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Bombax ceiba

Bombax ceiba

Connor Fitzpatrick is the author of today's entry:

Today's Botany Photo of the Day comes courtesy of dinesh_valke@Flickr (original image). Take a look at his set of additional excellent photos of Bombax ceiba!

Common names for Bombax ceiba, a member of the Malvaceae (also placed in the Bombacaceae), include Indian kapok, the red cottontree, and the simal tree. As dinesh_valke notes in the written accompaniment to his Flickr photo, the fruit of the simal tree produces a silk-like floss often used in pillows, cushions, and blankets.

Bombax ceiba is native to tropical Asia, temperate Asia, and parts of Australia. The trunk and stems of young trees are covered in sharp outgrowths to deter herbivores. I found sources claiming these are spines while others claimed prickles (see here for a clarification) — there is a difference! The mature trees often have wide buttresses for support.

Flowering occurs between March and April for three weeks and fruit is produced quite rapidly in a period of one month. The bisexual flowers require outcrossing for successful fertilization. Flowers of Bombax ceiba illustrate a few floral innovations required for specialized pollination. Raju et al., in Bat and Bird Pollination in Bombax ceiba (PDF), found that mature buds open at night, releasing a somewhat rancid odour. They are bright red, held upright on the tips of strong branches, and produce copious amounts of nectar. As noted, this pollination syndrome is indicative of two pollinators: birds and bats.

Among the many visitors to the tree (including bees, squirrels, and monkeys), Raju et al. observed that only bats and birds were pollinating the flowers. Many of the other animals were found to be detrimental to the pollination process, through florivory (flower consumption). The worst offenders, as seen in a picture from the article, were monkeys who would consume the nectar and half the flower, then nonchalantly toss the flower to the ground.

9 Comments

Great feeling; many thanks to UBC !!!

The Campbell magnolia of tropical gardens.

Hooray for the Malvaceae!! I have run across Bombax ceiba in Genbank several times when looking for Malvaceae sequences but never knew what it looked like. Thanks!

As to the spines vs. prickles question, just based on dinesh_valke's photos, I'd say they are prickles, as they seem to be randomly distributed - sometimes appearing singly, others in tight group - much like a rose's prickles.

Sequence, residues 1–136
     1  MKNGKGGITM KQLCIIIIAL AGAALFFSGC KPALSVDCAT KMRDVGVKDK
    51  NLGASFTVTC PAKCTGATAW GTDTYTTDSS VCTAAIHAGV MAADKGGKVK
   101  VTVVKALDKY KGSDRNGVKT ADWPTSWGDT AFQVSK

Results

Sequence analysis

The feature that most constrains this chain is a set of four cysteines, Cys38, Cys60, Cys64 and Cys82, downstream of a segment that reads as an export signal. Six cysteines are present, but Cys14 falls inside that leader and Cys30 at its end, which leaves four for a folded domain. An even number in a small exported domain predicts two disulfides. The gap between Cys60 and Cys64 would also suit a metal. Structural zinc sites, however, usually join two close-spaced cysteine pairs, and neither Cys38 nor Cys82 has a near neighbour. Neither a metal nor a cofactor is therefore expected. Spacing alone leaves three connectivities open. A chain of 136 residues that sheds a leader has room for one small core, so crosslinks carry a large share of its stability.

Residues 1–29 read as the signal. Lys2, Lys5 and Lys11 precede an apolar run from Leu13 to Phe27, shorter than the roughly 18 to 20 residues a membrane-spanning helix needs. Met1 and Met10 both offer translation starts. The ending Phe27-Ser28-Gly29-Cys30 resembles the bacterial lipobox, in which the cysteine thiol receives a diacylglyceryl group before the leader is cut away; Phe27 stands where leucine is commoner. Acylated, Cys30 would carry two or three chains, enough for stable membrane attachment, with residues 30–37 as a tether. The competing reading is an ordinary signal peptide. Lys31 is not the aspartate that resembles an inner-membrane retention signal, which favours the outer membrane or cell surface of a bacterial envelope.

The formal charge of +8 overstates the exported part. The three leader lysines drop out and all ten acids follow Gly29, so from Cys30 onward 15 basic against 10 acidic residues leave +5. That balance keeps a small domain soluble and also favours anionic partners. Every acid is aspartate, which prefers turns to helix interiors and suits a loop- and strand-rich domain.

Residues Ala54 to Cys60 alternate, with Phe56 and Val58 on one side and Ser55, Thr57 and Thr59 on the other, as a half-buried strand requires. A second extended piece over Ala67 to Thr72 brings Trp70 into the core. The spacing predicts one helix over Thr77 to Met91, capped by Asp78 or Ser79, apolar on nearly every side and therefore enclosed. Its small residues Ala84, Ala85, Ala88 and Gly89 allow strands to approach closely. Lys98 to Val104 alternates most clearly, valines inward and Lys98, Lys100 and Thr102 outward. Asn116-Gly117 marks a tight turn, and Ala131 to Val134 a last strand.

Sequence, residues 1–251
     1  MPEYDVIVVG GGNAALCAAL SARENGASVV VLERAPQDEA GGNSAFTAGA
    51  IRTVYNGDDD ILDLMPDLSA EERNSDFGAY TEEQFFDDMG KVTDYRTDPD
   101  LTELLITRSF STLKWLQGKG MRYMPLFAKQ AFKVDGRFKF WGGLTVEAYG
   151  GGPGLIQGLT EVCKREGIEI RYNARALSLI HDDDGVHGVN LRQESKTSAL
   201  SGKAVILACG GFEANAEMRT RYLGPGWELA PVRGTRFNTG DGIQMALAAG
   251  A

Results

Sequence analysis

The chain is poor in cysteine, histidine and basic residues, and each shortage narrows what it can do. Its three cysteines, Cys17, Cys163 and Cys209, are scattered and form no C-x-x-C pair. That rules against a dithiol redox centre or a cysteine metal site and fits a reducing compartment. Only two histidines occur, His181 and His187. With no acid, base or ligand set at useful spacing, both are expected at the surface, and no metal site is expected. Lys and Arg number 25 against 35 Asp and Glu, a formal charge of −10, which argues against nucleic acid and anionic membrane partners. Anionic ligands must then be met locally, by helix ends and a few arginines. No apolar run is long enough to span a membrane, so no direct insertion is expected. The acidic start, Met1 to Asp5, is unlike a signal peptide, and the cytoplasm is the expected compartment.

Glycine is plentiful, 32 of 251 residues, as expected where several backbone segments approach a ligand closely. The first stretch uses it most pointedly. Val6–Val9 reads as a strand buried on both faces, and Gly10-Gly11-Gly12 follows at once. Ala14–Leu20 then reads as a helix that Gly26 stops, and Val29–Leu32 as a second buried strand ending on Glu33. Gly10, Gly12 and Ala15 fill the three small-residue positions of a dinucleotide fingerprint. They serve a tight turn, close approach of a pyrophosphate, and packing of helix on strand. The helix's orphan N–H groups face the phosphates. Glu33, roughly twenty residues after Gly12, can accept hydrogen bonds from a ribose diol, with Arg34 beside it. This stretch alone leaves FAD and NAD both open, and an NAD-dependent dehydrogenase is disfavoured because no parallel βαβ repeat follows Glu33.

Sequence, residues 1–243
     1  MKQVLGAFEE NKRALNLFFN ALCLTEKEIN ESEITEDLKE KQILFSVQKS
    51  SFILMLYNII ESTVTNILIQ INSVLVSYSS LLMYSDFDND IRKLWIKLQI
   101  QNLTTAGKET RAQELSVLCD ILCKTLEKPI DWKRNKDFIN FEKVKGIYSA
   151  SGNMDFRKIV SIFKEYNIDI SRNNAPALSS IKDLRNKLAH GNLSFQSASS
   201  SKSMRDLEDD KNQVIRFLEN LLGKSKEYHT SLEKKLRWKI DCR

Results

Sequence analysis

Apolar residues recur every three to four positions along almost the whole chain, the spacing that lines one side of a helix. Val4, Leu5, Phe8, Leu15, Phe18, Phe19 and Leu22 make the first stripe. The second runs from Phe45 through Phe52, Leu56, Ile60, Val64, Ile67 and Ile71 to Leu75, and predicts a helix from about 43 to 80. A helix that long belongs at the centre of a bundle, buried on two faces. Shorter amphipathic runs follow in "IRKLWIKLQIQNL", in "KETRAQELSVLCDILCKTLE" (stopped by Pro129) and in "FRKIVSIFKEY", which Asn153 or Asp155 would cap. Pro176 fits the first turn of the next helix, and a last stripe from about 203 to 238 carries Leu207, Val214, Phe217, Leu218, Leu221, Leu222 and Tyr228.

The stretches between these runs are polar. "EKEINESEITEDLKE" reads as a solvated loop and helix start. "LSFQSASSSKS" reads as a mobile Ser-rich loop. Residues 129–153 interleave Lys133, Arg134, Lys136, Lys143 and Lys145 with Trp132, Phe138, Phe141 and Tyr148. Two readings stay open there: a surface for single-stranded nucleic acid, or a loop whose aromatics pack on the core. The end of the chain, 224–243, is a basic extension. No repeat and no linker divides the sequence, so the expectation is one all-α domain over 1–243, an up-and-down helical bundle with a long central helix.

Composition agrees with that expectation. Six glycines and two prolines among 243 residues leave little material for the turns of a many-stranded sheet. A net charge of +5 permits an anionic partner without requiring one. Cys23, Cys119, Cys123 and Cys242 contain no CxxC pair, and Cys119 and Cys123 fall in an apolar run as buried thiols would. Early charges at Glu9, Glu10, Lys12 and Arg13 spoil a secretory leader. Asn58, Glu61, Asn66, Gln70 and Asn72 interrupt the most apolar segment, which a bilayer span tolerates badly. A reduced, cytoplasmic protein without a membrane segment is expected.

I want complete details of simal tree,its crop in india,its avalability,history,usage etc. with photographs.


Beautiful photo. I have just visited Macau and the adjacent city in China, Zhuhai, and was bewitched by the flowering trees I now know are Bombax Ceiba. I stopped our taxi to photograph them where the flowers were closer to the ground and took a good shot of looking into a single flower. The trees in avenues look quite wonderful, with the pale green leaves begining to unfurl. The Zhuhai city authorities are to be warmly commended for using this tree so plentifully in their street plantings.

Our taxi driver, who was quite a learned gentleman, told us it was the wood cotton tree, that its fibre was too sparse for use as stuffing material, but that the flowers were sometimes used in teas...all of which information I have confirmed on the internet.

I have this tree in my back yard and I want to know more about it! The flowers were such a mess and stank very bad when they fell! Now I have what looks like a fruit falling from it! I looked it up and it says something about cotten but I would like to know way more!

The Leppun as it's known in Burma abounds in the area around Mandalay and Amarapura. I have happy childhood memories of many a trip we made headed by our grandmother, the matriarch of the extended family, a whole bunch of us kids and grownups to harvest the windfalls each summer in March-April. You never pick them from the trees. They are impressive tall trees with very little foliage when in full bloom with flaming red flowers, and still line the east bank of the Irrawaddy between Mandalay and Sagaing.

The flowers are used to flavour soup; a bit tangy and one of our favourite sour soups. You can eat the flowers of course.They may also be dried in the sun for later use but the flower gets quite chewy.

We used to play a game with the stamens. It's a fight like grappling irons and the one that decapitates the other is the winner. Great fun.

Thank you so much for the valuable and very interesting information. I can confirm that in Goa at least, birds like the Drongo http://www.facebook.com/photo.php?pid=30221956&l=21003f3057&id=1494900440 & the Plum-headed Parakeet http://www.facebook.com/photo.php?pid=30216246&l=377736efd3&id=1494900440 contribute to the polination of these trees when they take due and nectar from these beautiful flowers. (Photos from my Facebook Albums "from Goa with Love 1 & 2".)

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